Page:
24. The gods were anxious as to how they might replenish it, how they might again render it efficient and practise (worshipping) with it, when efficient.
25. Now what was left in the juhū of the butter wherewith they had established the sacrifice, with that they sprinkled the havis (dishes, or kinds, of sacrificial food) one after another, and thereby replenished them and again rendered them efficient, because the butter is indeed efficient. Hence after offering the last fore-offering, he sprinkles the havis one after another, and thereby replenishes them and again renders them efficient, because the butter is indeed efficient. Hence also from whatever sacrificial food he (afterwards at the principal oblations) cuts off (a portion for a deity), that he again sprinkles (with butter), that he replenishes and renders efficient for the (Sviṣṭakṛt) maker of good offering. But when he cuts off the portion for the maker of good offering, then he does not again sprinkle (the sacrificial food out of which the portion has been cut), since after that he will not make any other oblation in the fire from the sacrificial food.
Footnotes and references:
In reality prayāja (from yaj, 'to sacrifice') has, of course, nothing to do with prajaya (from ji, 'to conquer').
Though the author does not state expressly that this change of position in performing the five fore-offerings is advocated by some other ritualists, he apparently argues in this passage against an actually adopted theory and practice, which the Sūtras also mention as optional. In the case of the Adhvaryu changing his position, he is at each successive fore-offering to pour the butter on a part of the fire east of the preceding one. Kāty. III, 2, 18-21.
On the necessity of avoiding sameness of ritualistic practices cf. note on I, 3, 2, 8. The five fore-offerings (prayāja, here identified with the five seasons) are addressed respectively to the kindling-sticks (samidh), to Tanūnapāt (or Narāśaṃsa, both mystical forms of Agni), to the Iḍs (personifications of the forms of devotional feeling), to the sacrificial grass-covering of the altar (barhis), and to Agni and Soma (or other deities). Since, in introducing the first fore-offering, the Adhvaryu has mentioned its recipient, he is not to do so in the case of the remaining four.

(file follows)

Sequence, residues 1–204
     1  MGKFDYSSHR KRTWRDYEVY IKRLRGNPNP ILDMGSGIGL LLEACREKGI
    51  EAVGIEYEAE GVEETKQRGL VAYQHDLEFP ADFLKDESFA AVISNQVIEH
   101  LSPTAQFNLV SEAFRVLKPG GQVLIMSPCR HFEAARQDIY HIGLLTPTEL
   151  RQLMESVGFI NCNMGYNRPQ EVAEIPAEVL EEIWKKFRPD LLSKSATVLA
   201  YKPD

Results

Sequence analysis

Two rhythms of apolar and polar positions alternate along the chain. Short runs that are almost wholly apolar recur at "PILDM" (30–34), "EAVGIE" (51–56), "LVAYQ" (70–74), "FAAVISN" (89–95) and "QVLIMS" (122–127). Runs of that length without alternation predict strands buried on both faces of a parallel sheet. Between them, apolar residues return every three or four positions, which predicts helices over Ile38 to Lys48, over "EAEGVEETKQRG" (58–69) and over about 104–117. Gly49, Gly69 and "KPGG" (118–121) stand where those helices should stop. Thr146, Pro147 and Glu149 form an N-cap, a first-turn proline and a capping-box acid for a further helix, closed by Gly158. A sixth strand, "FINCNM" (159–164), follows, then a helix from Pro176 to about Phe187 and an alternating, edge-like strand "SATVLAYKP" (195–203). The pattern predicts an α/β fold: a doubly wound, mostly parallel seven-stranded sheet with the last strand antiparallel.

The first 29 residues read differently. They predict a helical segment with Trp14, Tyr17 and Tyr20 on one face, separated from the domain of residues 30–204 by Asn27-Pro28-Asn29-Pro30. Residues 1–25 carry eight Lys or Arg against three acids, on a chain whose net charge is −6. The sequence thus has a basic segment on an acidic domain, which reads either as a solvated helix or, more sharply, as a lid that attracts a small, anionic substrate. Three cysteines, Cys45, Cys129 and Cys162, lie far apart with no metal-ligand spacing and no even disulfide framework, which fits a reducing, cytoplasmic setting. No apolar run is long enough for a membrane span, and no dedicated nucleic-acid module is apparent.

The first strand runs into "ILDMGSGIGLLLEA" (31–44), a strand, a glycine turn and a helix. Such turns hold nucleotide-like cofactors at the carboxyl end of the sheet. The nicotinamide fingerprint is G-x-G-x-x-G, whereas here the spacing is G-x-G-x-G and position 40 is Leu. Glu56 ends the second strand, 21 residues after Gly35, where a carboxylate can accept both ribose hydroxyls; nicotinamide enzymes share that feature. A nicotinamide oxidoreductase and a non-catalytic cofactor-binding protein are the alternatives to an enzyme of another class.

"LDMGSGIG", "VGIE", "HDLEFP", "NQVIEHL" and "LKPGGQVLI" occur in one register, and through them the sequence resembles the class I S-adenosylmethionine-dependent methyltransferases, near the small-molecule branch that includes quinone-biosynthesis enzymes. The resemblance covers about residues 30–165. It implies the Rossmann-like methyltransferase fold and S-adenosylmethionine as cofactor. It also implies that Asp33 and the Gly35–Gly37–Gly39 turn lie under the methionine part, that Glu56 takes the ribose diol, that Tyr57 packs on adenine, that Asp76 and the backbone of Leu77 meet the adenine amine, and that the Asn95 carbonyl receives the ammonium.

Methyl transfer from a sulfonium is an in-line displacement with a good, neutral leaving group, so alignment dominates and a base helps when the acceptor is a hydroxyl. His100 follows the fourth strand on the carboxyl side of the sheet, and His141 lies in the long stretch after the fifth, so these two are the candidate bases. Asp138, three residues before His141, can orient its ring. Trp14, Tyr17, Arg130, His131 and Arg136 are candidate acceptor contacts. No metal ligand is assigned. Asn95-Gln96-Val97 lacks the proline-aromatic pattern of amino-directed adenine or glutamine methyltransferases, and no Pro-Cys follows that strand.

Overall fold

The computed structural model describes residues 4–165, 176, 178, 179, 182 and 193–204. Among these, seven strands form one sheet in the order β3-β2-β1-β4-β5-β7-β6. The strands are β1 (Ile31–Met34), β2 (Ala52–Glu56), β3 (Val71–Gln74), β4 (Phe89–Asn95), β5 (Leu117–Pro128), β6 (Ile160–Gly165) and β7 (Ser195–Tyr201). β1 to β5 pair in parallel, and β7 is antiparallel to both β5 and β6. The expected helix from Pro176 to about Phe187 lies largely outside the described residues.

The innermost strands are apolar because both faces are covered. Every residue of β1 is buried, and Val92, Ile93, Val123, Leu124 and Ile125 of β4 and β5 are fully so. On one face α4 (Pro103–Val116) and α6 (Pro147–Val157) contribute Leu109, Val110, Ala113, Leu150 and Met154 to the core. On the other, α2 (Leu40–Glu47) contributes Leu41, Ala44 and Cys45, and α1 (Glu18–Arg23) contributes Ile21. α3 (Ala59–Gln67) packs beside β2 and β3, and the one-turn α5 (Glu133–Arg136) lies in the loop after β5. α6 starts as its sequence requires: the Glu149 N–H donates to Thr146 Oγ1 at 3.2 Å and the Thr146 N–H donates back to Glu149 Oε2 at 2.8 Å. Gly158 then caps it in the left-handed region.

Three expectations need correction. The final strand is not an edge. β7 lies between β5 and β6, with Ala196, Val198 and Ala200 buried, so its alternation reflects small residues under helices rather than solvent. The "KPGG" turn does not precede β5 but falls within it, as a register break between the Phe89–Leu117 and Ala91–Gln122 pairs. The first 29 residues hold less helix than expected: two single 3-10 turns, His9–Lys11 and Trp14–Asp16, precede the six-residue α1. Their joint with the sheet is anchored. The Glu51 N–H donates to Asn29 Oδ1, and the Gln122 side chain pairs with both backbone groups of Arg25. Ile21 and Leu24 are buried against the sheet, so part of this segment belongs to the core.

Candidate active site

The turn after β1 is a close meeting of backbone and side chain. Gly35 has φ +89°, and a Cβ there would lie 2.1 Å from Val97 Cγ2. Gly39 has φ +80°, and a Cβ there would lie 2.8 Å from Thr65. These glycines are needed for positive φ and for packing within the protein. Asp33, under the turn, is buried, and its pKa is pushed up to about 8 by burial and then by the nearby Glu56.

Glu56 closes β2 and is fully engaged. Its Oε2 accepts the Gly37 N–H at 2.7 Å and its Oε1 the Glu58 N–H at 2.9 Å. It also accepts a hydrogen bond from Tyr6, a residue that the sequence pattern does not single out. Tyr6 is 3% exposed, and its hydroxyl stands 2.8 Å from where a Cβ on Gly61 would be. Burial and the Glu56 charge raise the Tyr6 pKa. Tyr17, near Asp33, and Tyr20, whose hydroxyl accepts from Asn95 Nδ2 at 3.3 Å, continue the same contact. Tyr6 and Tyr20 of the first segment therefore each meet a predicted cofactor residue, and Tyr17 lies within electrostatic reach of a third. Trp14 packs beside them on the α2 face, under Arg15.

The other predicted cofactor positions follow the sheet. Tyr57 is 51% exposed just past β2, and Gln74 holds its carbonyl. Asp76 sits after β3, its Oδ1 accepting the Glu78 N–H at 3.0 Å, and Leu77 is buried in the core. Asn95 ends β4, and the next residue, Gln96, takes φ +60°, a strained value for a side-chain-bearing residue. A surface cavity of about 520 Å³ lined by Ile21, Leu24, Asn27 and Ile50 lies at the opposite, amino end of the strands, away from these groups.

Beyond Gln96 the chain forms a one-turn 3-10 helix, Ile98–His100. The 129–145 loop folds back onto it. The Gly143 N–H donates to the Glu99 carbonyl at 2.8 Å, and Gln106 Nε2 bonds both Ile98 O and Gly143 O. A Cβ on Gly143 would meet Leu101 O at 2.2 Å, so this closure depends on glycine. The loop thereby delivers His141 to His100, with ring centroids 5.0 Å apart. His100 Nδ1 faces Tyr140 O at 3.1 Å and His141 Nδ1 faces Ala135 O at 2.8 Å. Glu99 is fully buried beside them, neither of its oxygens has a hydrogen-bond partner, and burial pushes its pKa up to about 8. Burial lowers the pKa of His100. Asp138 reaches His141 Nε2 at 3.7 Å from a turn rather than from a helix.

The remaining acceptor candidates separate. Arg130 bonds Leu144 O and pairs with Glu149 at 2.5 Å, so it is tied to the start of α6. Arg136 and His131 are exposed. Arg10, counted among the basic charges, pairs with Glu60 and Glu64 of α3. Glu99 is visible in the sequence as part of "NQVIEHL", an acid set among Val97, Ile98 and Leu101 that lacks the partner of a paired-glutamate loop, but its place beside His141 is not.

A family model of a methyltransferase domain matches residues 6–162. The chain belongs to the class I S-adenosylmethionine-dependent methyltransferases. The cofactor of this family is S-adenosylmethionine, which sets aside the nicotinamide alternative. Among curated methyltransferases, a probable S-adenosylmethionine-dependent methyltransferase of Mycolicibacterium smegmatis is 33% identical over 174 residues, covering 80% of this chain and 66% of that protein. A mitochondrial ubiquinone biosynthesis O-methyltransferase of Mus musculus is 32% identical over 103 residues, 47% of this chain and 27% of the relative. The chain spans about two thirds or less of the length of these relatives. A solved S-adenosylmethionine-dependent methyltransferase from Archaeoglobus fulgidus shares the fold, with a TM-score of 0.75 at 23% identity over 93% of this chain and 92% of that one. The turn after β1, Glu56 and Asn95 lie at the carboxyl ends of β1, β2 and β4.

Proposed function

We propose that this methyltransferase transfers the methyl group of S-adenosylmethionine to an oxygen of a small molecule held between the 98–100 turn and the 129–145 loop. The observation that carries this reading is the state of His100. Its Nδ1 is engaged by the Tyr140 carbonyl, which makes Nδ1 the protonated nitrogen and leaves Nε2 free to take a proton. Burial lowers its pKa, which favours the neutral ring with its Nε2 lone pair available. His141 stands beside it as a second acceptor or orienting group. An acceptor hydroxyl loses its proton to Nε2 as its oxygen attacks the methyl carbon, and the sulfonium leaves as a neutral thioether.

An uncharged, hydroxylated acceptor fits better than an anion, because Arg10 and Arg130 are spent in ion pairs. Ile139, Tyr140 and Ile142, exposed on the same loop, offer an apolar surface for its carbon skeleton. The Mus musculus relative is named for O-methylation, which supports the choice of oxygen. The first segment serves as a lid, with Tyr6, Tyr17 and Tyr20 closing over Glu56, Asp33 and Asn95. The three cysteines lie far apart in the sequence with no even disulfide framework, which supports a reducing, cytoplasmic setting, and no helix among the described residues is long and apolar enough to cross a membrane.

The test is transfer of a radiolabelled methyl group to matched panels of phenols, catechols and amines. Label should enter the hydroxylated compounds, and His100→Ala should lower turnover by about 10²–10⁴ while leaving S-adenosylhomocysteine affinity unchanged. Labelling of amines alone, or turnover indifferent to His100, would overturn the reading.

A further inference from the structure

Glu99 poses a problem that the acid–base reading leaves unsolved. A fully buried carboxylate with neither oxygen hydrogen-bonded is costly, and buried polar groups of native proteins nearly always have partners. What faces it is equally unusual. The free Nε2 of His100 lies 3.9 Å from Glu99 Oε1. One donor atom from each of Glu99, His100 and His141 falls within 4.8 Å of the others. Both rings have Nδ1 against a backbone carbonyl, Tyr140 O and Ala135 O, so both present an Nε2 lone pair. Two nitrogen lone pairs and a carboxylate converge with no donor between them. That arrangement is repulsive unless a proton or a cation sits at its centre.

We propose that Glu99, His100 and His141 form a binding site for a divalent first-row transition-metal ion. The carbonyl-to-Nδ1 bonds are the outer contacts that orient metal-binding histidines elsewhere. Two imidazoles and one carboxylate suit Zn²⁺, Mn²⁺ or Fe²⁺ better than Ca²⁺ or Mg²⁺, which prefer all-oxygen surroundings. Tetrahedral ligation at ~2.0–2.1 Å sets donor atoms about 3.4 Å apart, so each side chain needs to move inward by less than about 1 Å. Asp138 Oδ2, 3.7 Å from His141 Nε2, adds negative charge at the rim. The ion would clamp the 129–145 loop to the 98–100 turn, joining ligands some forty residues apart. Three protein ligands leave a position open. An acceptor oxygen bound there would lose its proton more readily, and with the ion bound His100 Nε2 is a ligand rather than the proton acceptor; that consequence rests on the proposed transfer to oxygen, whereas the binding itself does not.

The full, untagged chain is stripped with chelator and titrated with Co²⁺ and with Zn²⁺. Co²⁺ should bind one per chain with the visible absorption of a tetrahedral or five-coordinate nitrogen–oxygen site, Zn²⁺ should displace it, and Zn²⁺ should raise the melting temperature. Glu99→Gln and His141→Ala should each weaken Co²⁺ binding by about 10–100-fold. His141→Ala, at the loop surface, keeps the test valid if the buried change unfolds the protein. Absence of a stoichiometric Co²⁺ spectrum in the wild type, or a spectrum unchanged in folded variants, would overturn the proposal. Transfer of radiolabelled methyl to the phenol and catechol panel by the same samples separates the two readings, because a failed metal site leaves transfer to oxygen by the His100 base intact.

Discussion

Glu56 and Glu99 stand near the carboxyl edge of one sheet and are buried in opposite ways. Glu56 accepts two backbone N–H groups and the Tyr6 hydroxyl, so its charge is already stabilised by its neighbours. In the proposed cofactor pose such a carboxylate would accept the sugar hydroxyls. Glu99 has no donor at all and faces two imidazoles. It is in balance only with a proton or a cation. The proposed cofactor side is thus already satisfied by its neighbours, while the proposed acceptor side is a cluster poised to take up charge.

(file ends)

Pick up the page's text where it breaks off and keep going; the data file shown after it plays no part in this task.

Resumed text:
Such as lizards, alligators. Sāyaṇa.
See further on, par. 22. As to Svāhā! marking the conclusion of the sacrifice, see the Samiṣṭayajus I, 9, 2, 25-28.
The first offering-prayer (to the logs) is 'yê yajāmahe samidhaḥ, samidho agna ājyasya vyantū vāuṣaṭ!' i.e. 'we who pronounce the offering-prayer to the Samidhs,--the Samidhs, O Agni, may accept the butter! vāuṣaṭ!' Similarly at the other fore-offerings; but at the second and fourth, where the object of worship is a single one (viz. Tanūnapāt and the Barhis respectively), 'may he (or it) accept (vetu)!' has to be substituted for 'may they accept (vyantu)!' The difference of number in these verbal forms is symbolically explained as implying a distinction of sex, for the reason that there may be more wives to one man, but only one husband to a woman. The elliptic expression ye yajāmahe is thus explained by Sāyaṇa on Taitt. S. I, 6, 11: 'All we Hotṛ priests that are urged on by the Adhvaryu calling "Recite (thou)!" we do recite, we do pronounce p. 149 the yājyā.' This introductory part of the offering-formula is called āgur, 'acclamation, assent' (Āśv. I, 5, 4); it is alluded to in Mahābhār. Vanap. I2480 (cf. Muir, O. S. T. I, p. 135), and apparently by Pāṇ. VIII, 2, 88 (cf. Haug, Ait. Br. II, p. 133 n.).
In making the oblation, the Adhvaryu holds the juhū over the upabhṛt and pours some of the butter from the juhū over the spout of the upabhṛt into the fire. At the third prayāja he empties all the butter remaining in the juhū into the fire, and thereupon, for the fourth oblation, replenishes the empty spoon with half the contents of the upabhṛt, after which he proceeds as before.
Cf. p. 118, note 3. The words 'Svāhā Agnim' &c. are preceded by 'ye yajāmahe,' see before, p. 148, note 2.
After the Adhvaryu has performed the last fore-offering, he p. 152 steps back behind the altar and sitting down beside the dishes of sacrificial food, anoints, with the butter remaining in the juhū, first the (butter in the) dhruvā, then the several sacrificial dishes; and finally the (butter in the) upabhṛt. Kāty. III, 3, 9.
What remains of the dish of sacrificial food, after the oblation to Agni Sviṣṭakṛt (I, 7, 3, 1 seq.) has been made, is eaten by the priests and the sacrificer, and in their case the several portions are basted with butter, as they are cut off, but not the dish of food from which the portions have been taken.